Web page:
Depression survey reveals implications for multicultural communities

ARLINGTON, Va. — Americans do not believe that they know much about depression, but are highly aware of the risks of not receiving care, according to a survey released by the National Alliance on Mental Illness (NAMI). Yet research demonstrates that people of different cultural groups are at increased risk for untreated depression and suicide:

  •  One in five Latina teenagers in the United States has seriously
    considered or attempted suicide.
  • More than 15 million Asian Americans live with depression; it’s the second leading cause of death for Asian American and Pacific Islanders.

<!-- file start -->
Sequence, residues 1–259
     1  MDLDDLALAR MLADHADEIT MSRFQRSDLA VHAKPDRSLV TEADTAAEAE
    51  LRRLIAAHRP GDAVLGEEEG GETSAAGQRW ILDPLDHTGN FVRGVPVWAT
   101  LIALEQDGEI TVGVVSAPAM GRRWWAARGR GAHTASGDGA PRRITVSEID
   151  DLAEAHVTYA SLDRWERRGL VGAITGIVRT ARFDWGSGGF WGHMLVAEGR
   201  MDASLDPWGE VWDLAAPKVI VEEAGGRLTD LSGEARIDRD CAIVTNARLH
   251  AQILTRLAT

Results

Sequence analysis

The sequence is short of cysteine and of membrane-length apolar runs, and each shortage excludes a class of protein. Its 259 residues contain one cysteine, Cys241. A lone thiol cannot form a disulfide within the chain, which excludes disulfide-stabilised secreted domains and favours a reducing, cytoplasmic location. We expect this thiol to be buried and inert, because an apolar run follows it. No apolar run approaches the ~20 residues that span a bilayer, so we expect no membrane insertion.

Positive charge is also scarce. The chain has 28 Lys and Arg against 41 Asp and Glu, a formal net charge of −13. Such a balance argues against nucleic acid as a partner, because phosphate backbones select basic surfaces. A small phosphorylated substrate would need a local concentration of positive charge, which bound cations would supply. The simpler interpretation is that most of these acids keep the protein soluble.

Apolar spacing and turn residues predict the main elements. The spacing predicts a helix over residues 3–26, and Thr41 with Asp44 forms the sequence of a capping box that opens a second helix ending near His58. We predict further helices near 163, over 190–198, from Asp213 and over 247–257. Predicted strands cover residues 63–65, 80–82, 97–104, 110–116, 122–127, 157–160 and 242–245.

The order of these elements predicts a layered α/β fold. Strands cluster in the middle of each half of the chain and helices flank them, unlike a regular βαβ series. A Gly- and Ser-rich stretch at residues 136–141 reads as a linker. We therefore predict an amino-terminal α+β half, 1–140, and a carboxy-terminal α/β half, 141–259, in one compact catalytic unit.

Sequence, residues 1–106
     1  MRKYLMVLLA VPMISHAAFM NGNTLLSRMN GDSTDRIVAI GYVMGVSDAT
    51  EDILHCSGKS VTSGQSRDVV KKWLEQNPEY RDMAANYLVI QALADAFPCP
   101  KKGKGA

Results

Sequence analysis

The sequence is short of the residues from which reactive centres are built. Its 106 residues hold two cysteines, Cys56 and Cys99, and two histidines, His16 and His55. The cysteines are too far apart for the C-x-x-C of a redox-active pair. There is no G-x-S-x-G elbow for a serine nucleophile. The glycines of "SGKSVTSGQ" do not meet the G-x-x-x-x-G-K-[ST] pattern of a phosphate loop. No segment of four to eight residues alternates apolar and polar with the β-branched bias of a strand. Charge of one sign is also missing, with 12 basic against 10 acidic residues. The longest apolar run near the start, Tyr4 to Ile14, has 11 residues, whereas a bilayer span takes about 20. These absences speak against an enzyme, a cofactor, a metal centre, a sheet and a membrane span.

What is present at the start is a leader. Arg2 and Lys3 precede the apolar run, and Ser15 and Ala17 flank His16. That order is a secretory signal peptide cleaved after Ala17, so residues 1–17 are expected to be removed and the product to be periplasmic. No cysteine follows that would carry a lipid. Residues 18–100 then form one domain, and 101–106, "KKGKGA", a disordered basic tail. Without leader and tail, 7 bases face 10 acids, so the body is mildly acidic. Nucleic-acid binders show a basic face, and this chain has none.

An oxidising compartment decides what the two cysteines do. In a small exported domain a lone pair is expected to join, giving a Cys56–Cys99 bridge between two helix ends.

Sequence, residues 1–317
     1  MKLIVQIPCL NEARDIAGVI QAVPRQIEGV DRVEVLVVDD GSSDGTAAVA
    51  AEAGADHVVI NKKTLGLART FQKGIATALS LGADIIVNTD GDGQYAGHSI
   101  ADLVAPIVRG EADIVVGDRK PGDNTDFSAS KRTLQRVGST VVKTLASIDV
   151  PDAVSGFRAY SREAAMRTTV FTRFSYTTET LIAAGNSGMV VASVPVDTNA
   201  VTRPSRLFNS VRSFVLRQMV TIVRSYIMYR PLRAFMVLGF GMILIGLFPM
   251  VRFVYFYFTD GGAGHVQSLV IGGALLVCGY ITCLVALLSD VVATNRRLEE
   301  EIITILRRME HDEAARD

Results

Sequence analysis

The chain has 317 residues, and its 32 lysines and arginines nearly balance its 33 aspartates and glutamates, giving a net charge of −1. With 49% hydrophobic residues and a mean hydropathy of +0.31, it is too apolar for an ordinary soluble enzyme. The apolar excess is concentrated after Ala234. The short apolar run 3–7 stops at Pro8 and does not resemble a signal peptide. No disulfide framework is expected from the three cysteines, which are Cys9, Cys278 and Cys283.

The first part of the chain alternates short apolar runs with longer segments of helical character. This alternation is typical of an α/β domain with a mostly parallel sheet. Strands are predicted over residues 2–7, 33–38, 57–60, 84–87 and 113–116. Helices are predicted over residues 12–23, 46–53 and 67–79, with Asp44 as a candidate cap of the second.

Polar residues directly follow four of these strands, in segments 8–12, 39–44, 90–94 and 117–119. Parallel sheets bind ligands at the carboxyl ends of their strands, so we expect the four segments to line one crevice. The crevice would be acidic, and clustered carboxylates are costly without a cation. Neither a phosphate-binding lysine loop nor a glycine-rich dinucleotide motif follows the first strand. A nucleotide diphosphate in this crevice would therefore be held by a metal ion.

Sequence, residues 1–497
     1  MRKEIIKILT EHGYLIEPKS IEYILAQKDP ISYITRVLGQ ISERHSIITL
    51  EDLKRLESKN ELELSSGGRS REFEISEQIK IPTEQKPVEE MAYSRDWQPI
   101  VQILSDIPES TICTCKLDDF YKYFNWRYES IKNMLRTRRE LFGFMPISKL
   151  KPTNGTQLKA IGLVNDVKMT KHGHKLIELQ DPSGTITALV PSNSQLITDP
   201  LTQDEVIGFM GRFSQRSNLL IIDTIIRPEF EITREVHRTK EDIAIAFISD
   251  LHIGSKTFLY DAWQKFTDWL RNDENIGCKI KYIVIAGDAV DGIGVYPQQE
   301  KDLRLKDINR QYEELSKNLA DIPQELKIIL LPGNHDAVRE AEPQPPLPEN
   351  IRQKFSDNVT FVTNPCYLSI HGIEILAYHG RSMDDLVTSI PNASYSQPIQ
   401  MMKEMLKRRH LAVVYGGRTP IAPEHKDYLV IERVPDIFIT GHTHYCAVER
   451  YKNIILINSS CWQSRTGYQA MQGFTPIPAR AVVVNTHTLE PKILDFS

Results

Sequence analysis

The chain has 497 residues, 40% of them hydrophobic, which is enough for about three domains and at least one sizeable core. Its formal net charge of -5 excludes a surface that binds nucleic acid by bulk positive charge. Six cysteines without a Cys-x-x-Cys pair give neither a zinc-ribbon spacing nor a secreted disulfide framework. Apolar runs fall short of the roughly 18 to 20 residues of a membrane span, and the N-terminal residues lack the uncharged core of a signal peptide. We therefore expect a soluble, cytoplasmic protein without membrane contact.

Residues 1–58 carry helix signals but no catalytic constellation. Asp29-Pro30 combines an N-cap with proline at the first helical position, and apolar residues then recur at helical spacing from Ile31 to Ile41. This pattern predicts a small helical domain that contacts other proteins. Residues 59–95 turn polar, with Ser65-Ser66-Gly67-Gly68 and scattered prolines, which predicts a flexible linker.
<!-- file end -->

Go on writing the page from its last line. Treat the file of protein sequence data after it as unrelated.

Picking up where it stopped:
• Misdiagnosis and under-treatment are common in the African American community. Only 12 percent of women seek treatment.

 The survey provides a “three-dimensional” measurement of responses from members of the general public who do not know anyone with depression, caregivers of adults diagnosed with depression and adults living with the illness. 

Survey findings include that when people living with depression discontinue medication or talk therapy, cost is a common reason, but other factors include a desire “to make it on my own” whether they believe treatment is working and in the case of medication, side effects. In addition, nearly 60 percent of people living with depression reported that they rely on their primary care physicians rather than mental health professionals for treatment.  To view full survey results click here.